A dragonfly is an insect belonging to the order Odonata, infraorder Anisoptera (from Greek ἄνισος anisos “uneven” and πτερόν pteron, “wing”, because the hindwing is broader than the forewing). Adult dragonflies are characterized by large multifaceted eyes, two pairs of strong transparent wings, sometimes with coloured patches and an elongated body. Dragonflies can be mistaken for the related group, damselflies (Zygoptera), which are similar in structure, though usually lighter in build; however, the wings of most dragonflies are held flat and away from the body, while damselflies hold the wings folded at rest, along or above the abdomen. Dragonflies are agile fliers, while damselflies have a weaker, fluttery flight. Many dragonflies have brilliant iridescent or metallic colours produced by structural coloration, making them conspicuous in flight. An adult dragonfly’s compound eye has nearly 24,000 ommatidia.
Tropical buckeye butterfly is a Neotropical nymphalid butterfly found from Florida and the Caribbean, Mexico, Central America, to tropical and subtropical South America. The type locality is Suriname, and numerous subspecies have been described. The synonymy is extensive, and older literature must be used with caution. The butterfly is easily confused with Junonia genoveva, which is also known as the mangrove buckeye.
Parrots, also known as psittacines are birds of the roughly 393 species in 92 genera that make up the order Psittaciformes, found in most tropical and subtropical regions. The order is subdivided into three superfamilies: the Psittacoidea (“true” parrots), the Cacatuoidea (cockatoos), and the Strigopoidea (New Zealand parrots). Parrots have a generally pantropical distribution with several species inhabiting temperate regions in the Southern Hemisphere, as well. The greatest diversity of parrots is in South America and Australasia.
A booby is a seabird in the genus Sula, part of the Sulidae family. Boobies are closely related to the gannets (Morus), which were formerly included in Sula.
The Eurasian beaver or European beaver (Castor fiber) is a species of beaver which was once widespread in Eurasia. It was hunted to near-extinction for both its fur and castoreum; and by 1900, only 1200 beavers survived in eight relict populations in Europe and Asia. Reintroduced through much of its former range, it now occurs from Great Britain to China and Mongolia, although it is absent from Italy, Portugal, the southern Balkans, and the Middle East.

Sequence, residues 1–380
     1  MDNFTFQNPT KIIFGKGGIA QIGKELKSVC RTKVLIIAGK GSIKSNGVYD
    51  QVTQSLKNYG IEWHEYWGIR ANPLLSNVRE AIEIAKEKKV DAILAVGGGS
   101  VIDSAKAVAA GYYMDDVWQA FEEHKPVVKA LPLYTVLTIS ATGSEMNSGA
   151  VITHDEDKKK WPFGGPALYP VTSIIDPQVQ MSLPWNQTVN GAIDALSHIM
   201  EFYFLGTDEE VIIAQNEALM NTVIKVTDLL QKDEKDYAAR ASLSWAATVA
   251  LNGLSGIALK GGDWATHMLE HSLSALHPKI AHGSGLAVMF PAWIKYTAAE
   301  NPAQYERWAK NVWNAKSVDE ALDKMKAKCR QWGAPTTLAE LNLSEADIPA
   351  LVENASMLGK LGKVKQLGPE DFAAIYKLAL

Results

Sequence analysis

Bears are carnivoran mammals of the family Ursidae. Bears use shelters, such as caves and logs, as their dens; most species occupy their dens during the winter for a long period of hibernation, up to 100 days. They have been hunted since prehistoric times for their meat and fur; they have been used for bear-baiting and other forms of entertainment, such as being made to dance. With their powerful physical presence, they play a prominent role in the arts, mythology, and other cultural aspects of various human societies. In modern times, bears have come under pressure through encroachment on their habitats and illegal trade in bear parts, including the Asian bile bear market. The IUCN lists six bear species as vulnerable or endangered, and even least concern species, such as the brown bear, are at risk of extirpation in certain countries. The poaching and international trade of these most threatened populations are prohibited, but still ongoing.
Duck is the common name for a large number of species in the waterfowl family Anatidae, which also includes swans and geese. The ducks are divided among several subfamilies in the family Anatidae they do not represent a monophyletic group (the group of all descendants of a single common ancestral species) but a form taxon, since swans and geese are not considered ducks. Ducks are mostly aquatic birds, mostly smaller than the swans and geese, and may be found in both fresh water and sea water.